Answers to Top 5 Questions They Ask in a Teaching Interview

Answers to Top 5 Questions They Ask in a Teaching Interview

If you’ve been called for a teaching interview, you should start preparing right away. While they might ask you questions about your subject, there are also some questions about your personality. These Human Resource questions are very generic and have no right or wrong answers. They reflect your communication skills and presence of mind. Make sure you prepare for them before appearing for the interview. Here are some common questions asked in a teaching interview.

Tell us something about yourself

This is a standard question. It’s an introductory question that gets you speaking and sets the environment for the interview. Keep it short and simple. You can talk about your experience and qualifications here. Don’t forget to mention why you love teaching your subject. This will show your passion.

How would you communicate with students’ parents?

If you’re applying for a position in an elementary school, they will almost always ask you this question. You can say that you have an open-door policy and all parents are invited to come and discuss their concerns any time they want. You can also specify that you call up all parents during the first week of school to introduce yourself and find out more about their child.  In most schools, students above grade 3 would be required to get the assignment book signed by their parents. This will also act as a communication tool between you and the parents.

What is your teaching methodology?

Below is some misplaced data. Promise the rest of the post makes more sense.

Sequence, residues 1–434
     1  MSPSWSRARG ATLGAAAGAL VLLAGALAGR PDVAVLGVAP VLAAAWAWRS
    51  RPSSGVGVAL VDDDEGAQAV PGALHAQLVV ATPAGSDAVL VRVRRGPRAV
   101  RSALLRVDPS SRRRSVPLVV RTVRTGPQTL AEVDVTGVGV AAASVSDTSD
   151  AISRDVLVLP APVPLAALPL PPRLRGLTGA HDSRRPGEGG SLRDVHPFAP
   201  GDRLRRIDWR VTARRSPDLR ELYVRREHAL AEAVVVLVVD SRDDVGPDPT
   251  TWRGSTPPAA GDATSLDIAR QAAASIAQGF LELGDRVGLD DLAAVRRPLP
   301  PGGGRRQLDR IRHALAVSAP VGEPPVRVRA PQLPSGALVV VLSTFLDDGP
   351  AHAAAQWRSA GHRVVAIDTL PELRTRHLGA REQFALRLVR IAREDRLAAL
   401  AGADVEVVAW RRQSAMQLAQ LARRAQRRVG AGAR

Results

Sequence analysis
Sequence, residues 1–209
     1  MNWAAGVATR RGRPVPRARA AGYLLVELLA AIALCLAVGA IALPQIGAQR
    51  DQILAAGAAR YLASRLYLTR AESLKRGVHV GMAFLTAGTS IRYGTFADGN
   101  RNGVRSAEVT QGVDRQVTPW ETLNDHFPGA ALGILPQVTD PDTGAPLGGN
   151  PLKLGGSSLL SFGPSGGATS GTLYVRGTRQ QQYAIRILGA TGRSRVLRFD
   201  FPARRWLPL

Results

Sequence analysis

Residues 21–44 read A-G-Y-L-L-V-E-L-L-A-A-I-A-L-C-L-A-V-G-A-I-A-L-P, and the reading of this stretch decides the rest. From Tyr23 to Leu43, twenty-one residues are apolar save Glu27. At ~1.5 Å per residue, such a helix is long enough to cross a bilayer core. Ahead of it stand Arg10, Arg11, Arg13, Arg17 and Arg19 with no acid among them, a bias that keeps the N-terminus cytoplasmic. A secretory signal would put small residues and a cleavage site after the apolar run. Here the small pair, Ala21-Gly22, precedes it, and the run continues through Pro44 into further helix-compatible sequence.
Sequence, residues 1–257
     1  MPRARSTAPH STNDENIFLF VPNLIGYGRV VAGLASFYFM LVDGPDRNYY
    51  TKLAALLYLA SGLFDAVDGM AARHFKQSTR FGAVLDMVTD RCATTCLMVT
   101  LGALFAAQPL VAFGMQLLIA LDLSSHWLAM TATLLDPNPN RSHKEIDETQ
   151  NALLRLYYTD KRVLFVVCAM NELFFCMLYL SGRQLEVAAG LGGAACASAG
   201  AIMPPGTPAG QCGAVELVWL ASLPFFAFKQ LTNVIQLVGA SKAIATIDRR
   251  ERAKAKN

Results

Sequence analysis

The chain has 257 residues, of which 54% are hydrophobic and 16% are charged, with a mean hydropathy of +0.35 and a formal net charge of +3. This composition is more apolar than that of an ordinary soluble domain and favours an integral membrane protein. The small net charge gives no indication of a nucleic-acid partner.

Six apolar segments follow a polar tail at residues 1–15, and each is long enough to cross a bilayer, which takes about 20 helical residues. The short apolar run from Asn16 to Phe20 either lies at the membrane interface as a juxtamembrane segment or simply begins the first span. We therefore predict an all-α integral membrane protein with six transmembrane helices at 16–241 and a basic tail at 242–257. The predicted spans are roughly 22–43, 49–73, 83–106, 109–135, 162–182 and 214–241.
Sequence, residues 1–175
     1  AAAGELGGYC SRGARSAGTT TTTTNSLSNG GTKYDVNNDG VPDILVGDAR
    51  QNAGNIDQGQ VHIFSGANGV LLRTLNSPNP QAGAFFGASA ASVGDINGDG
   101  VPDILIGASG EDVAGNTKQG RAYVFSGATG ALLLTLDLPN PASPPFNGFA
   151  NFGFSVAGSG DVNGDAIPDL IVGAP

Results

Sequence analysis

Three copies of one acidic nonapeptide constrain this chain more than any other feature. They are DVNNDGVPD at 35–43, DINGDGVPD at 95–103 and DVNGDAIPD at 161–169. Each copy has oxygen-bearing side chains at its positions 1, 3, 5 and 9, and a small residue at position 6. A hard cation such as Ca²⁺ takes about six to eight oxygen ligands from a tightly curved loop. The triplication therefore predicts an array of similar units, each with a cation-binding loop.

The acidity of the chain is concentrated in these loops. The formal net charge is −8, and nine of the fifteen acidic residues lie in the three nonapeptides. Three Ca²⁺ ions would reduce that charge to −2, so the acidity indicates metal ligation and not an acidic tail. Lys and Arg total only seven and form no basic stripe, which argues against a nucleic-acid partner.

It’s always a good idea to add a little humor to your class. You can talk about your teaching style and how you like to be open to students have a little space for humor. They will ask for an example, so make sure you have one ready. Depending upon your subject, you can give an example where you would incorporate classroom-appropriate humor.

Are you flexible with your approach? How?

Since most schools and colleges have students from various backgrounds, they want a teacher who is flexible with their approach. Tell them that you’re sensitive about other cultures and that you understand and respect the values of students belonging to different backgrounds in a classroom. Also mention that you use classroom lectures, hands-on approach, and debates to help the class become more receptive to your teaching.

How do you evaluate students?

Tell them that while you take regular tests and quizzes, there are also some other ways that you use to assess a student’s performance. For example, their level of class participation is an important factor for their evaluation. And if you see that a particular student isn’t participating that much, you try to involve them with the rest of the class.

That’s it for now Busy Educator.

Stay tuned for the next video “What Principals Are Looking For In You”.

Until next time,

Talk to each other, support each other, take care of each other.


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